Hoc Signo Vinces
(In This Sign, Conquer),
An Historic Tale
Copyright © 2005 Jordan White
Many years ago, there lived an influential, powerful man. This man was the head of a large Empire.
This man had some savvy ideas to get for himself, and for his Empire, more and more power. What he really wanted to do was rule the world.
He decided to proclaim to everyone that he had become a follower of Jesus Christ, a “Christian”. I believe the way he put it was, “Jesus Christ has changed my heart”.
Now, whether or not he really accepted Christ and made Him the Lord of his heart is between the Emperor and God. But, just as an observation, I would say that if this was a change of heart for the better, what was this monster like before?
For the post-conversion Emperor was truly a megalomaniac. He used his so-called “conversion” to make Christianity the fashionable, desirable thing to be.
Once, it had been shameful to declare oneself as a follower of Christ. People had ridiculed and even downright persecuted individuals for declaring themselves to be Christian.
But under this Emperor, there were definite advantages to belonging to his camp. There were material advantages. There was security from suspicion, an unspoken assurance that the “fellow Christian” would be immune from the tactics of repression that were more and more frequently being used against those who did not align themselves with the Emperor’s stance.
The military became a particular tool for the Emperor and the furtherance of his Christian-based Empire. The Emperor was a veritable hero to the fighting troops, who looked up to him as a fine example of the conquering hero, the conquering, Christian hero.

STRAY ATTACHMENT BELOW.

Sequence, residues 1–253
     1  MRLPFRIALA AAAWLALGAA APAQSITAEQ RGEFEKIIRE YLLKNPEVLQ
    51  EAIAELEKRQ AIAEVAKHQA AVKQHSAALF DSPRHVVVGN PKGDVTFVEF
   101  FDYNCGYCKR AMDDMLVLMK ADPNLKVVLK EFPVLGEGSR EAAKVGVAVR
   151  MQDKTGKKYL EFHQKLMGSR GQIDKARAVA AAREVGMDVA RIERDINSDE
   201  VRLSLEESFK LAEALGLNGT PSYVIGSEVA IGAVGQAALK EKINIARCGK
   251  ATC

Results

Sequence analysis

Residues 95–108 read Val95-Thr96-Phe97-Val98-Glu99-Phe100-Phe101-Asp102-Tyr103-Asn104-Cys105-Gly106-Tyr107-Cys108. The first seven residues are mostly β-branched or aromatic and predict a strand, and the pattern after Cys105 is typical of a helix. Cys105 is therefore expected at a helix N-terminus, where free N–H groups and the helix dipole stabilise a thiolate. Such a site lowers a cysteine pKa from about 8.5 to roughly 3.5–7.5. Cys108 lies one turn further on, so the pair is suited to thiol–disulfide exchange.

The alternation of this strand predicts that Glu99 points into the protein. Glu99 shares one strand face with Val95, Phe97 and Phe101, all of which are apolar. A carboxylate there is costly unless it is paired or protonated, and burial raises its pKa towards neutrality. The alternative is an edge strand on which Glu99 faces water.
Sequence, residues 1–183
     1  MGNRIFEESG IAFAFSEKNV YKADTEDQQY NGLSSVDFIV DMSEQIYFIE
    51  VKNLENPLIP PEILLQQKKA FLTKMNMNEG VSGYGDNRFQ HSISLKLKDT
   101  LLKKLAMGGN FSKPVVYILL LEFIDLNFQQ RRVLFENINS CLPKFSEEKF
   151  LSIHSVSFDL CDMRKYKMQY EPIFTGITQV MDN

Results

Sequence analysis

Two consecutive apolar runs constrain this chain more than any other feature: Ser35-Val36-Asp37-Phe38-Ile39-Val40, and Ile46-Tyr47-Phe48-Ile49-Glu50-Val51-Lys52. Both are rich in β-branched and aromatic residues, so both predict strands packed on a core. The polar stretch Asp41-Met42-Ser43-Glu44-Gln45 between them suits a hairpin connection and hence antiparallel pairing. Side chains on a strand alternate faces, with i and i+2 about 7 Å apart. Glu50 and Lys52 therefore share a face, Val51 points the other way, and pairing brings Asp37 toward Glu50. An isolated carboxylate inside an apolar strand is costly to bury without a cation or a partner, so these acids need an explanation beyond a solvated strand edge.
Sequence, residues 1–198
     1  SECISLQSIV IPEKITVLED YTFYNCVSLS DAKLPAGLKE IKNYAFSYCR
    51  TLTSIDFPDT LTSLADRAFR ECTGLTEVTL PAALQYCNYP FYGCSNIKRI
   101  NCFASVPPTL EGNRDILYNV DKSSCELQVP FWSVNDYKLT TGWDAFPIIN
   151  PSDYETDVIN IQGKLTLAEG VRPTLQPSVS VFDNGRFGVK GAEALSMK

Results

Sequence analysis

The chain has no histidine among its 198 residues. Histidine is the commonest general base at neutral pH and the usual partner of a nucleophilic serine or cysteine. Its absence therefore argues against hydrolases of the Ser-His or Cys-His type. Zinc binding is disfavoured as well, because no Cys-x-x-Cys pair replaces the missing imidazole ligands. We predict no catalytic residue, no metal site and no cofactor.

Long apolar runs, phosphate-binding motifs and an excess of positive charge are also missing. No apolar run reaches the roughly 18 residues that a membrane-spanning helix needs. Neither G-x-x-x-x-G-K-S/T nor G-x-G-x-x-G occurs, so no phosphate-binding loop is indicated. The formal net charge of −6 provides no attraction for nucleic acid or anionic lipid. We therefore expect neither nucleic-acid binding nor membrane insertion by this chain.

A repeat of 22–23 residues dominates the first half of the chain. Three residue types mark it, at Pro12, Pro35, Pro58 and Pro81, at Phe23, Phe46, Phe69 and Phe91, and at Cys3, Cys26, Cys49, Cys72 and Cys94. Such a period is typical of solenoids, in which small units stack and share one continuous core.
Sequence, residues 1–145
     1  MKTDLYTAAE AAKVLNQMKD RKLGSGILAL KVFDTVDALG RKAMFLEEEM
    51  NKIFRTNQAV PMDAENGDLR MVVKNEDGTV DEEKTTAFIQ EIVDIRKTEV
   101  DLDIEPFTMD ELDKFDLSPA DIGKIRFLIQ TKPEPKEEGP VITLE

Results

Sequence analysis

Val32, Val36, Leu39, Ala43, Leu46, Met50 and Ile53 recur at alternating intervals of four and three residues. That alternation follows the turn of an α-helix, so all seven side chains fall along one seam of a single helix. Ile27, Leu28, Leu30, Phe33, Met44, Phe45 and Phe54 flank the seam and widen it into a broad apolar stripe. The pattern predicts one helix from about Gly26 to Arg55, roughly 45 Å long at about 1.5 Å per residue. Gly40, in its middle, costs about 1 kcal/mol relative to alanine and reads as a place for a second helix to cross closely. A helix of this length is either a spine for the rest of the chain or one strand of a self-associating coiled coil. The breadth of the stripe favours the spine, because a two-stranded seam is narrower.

There were social and political rewards for being Christian, also. So, sensing these advantages, thousands of heathens flocked to churches, especially evangelical Christian churches. The fact that these heathen were merely “Christians-of-convenience” meant that the churches lost their true reasons to exist and became social clubs for these opportunists. There was corruption. There were alliances with people and nations and groups when outright condemnation was in order. The church took on more and more the appearance of a body in decline, in its final state of utter apostasy.
Before the Emperor held it in his sway, the church had been relatively peaceful. Now it was eager for war, and, as it was so closely identified in its own mind with the Empire, it actually considered war to be a means of extending itself.
At this point, the emblem of the Empire was no longer what it was, an eagle, but became the cross.
Now the distinction between church and state, always a thorny issue, became totally blurred. Of course, the laws of the Empire said one thing, but the neo-Christians had issues with all sorts of laws, so this was not really a problem. After all, as they were fond of pointing out, wasn’t God’s law more important than the laws of the Empire?
It was a sad state of affairs. The church was in decline, its claims of spiritual guidance, solace, and hope for eternal life all but gravel in the mouths of those it was supposed to reach with its message of the Gospel. Missionaries were being recalled, as their identification with the Empire put their lives in peril. In any case, not many “Christians” were that interested in supporting them. They were mostly interested in furthering their own financial advantages.
It was all over in a few years, anyway.
The vandals were at the gate.